Worldwide Diffusion of E-Parliament within the Framework of Policy Transfer: The Role of the Global Centre for ICT in Parliament

Worldwide Diffusion of E-Parliament within the Framework of Policy Transfer: The Role of the Global Centre for ICT in Parliament

Mehmet Zahid Sobaci (Uludag University, Turkey)
DOI: 10.4018/978-1-61350-329-4.ch004

Abstract

The aim of this chapter is to analyze the worldwide diffusion of e-parliament and the role played by the Global Centre for ICT in Parliament (GCIP), within the framework of policy transfer. There are two main reasons why it is necessary to focus on the role of GCIP in the diffusion of e-parliament: 1) The GCIP is one of the most active actors in this process; and 2) Activities undertaken by the GCIP and its relations with its partners give important clues about the big picture of e-parliament transfer at the international level. In the analysis of worldwide diffusion process of e-parliament in this study, policy transfer literature is used. This chapter goes beyond the conceptual framework and case studies pave the way for the evaluation of e-parliament from a different perspective by focusing on the transfer of e-parliament as an innovation.
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Introduction

Today, information and communication technologies (ICTs) have affected political and administrative areas in a profound way, and the extent of this impact increases day by day. Nowadays, ICTs are considered as a set of means which play an important role in the improvement of public service provisions and simplifying and integrating of administrative processes as well as involving of citizens in political and administrative decision-making processes and improving a country’s democracy. Online election campaigns undertaken by politicians, websites and blogs of those elected, e-voting, e-participation, e-democracy projects and the e-parliament phenomenon clearly show that ICTs are part of political issues, activities and institutions.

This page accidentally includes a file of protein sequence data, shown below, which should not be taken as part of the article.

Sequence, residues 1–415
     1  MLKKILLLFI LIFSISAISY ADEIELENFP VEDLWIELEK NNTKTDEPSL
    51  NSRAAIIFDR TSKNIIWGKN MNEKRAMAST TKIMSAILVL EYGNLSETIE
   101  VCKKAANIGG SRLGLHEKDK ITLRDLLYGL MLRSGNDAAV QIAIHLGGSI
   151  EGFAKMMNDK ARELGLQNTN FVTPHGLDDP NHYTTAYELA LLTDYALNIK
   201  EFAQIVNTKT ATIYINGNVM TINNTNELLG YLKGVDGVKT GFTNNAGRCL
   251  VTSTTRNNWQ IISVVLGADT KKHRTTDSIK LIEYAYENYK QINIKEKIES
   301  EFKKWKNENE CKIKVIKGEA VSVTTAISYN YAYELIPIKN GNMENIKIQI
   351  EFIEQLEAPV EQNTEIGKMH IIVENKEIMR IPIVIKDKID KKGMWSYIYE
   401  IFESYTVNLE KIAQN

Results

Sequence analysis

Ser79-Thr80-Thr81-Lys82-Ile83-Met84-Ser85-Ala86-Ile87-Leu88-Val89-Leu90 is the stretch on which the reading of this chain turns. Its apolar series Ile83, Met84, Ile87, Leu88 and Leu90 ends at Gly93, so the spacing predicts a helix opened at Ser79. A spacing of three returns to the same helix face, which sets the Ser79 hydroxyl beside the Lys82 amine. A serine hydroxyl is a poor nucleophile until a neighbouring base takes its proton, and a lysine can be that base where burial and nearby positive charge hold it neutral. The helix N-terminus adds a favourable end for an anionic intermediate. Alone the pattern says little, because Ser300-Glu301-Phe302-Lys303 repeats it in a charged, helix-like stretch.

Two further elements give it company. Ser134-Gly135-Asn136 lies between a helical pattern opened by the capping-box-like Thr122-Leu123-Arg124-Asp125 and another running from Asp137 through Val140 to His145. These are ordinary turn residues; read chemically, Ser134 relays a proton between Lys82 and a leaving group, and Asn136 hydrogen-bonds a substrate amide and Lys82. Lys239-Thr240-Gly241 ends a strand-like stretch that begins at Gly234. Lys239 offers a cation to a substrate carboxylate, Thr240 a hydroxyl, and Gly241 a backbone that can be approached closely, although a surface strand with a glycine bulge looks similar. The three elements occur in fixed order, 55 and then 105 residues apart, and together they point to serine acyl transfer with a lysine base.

Although e-parliament applications were put into practice later than e-government and e-democracy projects, efforts to increase the usage of ICT in parliament have been apparent at recent times. Such efforts are also supported by international organizations. In this context, the Inter-Parliamentary Union (IPU), the European Union (EU), the United Nations Development Programme (UNDP), the World Bank and the United States Agency for International Development (USAID) make great efforts to encourage parliaments to benefit from ICTs (Leston-Banderia, 2007, p. 656). E-parliament application is becoming widespread thanks to its contributions to parliamentary activities, parliament-citizen relations and the institutionalization of democratic values and principles (Sobaci, 2010). This process can be easily understood by looking at indicators regarding national parliaments’ ownership of websites. IPU (2000, p. 3) reported that, as of the year 2000, only 57% of all national parliaments had websites. Six years later, the IPU reported that 171 of 188 national parliaments, which correspond to 91%, own a website (Leston-Banderia, 2007). According to the UNDP (2006, p. 15), while web site ownership ratio in developed countries is 97.22%, it is 81.05% in developing countries.

There are studies on the usage of ICTs by parliaments and their political, administrative and social reflections in e-parliament literature, but there are few studies that explain how e-parliament practice has diffused worldwide and which factors and actors are influential and active in this diffusion process. In other words, theoretical and empirical studies that present the details of the diffusion process by which e-parliament practices have recently been adopted by countries in a wide geographic are not available.

The aim of this chapter is to analyze the worldwide diffusion of e-parliament and the role played by the Global Centre for ICT in Parliament (GCIP) within the framework of policy transfer. There are two main reasons why it is necessary to focus on the role of the GCIP in the diffusion of e-parliament: 1) The GCIP is one of the most active actors in this process; and 2) Activities undertaken by the GCIP, and its relations with its partners, give important clues about the big picture of e-parliament transfer at the international level. In this study, to analyze the worldwide diffusion process of e-parliament, policy transfer literature is used. By focusing on the transfer of e-parliament as an innovation, this chapter goes beyond the conceptual framework and case studies and paves the way for evaluating e-parliament from a different perspective.

In this context, first of all, the literature on adoption of ICT-based innovations is examined in relation to e-parliament. Then, the concept of policy transfer is explained. The reasons for transfer, its actors and subjects are presented in this section. Lastly, the role of the GCIP in the process of sharing information and experiences related to e-parliament is analyzed within the framework of policy transfer.

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